Also some lenders have announced they are exiting various loan programs for some schools as we outlined in our press release on Monday. We expect that these actions will not have a significant impact on our students just as the announcements over the past six months have not impacted our spring enrollment.

Here are five reasons DeVry is well positioned in this regard. First, increases in Federal loan limits have eased the need for private loans. In fact, use of private loans by DeVry students in the first nine months of this fiscal is actually lower than it was last year.

Second, DeVry’s focus is on high quality programs with excellent academic outcomes. Because our graduates have a great track record of employment outcomes lenders are available to help finance their education whether we’re talking about Ross physicians and veterinarians, Chamberlain nurses or DeVry University’s 90% plus employment statistics.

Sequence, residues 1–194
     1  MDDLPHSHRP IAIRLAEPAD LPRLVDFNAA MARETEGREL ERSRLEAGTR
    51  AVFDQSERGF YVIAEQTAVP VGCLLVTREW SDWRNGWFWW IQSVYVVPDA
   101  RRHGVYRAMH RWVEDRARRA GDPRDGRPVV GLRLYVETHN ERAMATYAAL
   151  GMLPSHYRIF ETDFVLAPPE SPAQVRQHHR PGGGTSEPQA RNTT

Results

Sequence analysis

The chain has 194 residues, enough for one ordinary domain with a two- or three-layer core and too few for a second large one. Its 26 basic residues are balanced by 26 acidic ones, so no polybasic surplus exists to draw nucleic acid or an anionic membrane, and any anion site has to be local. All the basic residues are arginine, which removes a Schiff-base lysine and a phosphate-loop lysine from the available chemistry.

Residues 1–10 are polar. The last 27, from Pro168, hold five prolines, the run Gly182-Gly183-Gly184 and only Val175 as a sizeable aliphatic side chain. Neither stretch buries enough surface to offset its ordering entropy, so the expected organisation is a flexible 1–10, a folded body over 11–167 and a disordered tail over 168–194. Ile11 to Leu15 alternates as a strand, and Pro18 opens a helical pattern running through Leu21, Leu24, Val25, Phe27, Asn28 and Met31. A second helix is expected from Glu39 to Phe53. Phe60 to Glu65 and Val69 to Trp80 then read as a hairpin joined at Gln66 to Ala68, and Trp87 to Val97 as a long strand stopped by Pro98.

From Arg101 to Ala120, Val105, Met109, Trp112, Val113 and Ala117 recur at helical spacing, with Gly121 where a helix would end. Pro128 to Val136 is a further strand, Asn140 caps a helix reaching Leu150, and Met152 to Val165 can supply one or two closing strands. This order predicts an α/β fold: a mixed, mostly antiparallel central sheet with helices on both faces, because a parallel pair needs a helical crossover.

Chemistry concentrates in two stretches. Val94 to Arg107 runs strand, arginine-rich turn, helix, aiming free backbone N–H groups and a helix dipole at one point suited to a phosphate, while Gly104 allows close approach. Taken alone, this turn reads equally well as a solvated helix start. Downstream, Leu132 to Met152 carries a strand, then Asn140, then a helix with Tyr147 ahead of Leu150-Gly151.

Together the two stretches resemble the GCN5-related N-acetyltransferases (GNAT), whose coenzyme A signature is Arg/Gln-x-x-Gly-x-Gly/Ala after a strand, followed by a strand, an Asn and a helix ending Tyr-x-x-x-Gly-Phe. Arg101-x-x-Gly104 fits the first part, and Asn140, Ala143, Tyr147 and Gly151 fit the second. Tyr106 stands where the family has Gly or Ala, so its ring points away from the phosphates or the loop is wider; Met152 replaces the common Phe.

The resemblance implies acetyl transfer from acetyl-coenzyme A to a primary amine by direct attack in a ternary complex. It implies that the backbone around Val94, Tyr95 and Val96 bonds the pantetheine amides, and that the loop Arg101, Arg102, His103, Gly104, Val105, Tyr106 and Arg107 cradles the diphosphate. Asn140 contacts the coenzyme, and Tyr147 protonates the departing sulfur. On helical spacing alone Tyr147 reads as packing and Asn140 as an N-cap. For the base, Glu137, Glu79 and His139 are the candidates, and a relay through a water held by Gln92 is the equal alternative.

Third, DeVry students are eligible for most of the applicable state grant programs available again reducing their need for private loans. Fourth, DeVry students have a strong track record of favorable loan default rates. Fifth and finally, DeVry has provided internal financing for students called EDUCARD for more than 30 years and we have the ability to expand this program if needed.

In summary DeVry’s long term focus on quality has once again served us in good stead. We’ll continue to monitor and to manage this area closely to ensure we provide the full range of options to help students and their families finance their education.

So with that introduction let me turn it over to Rick for the financial results.

Richard M. Gunst

We delivered outstanding results once again in the third quarter recording strong revenue growth and continue to drive operating margin improvement. Revenue of $291 million in the quarter marked another record level and was up 18.4% versus prior year. All three business segments achieved double digit revenue and operating income growth in the quarter. Revenue is up more than 16% year to date through the first nine months of the fiscal year.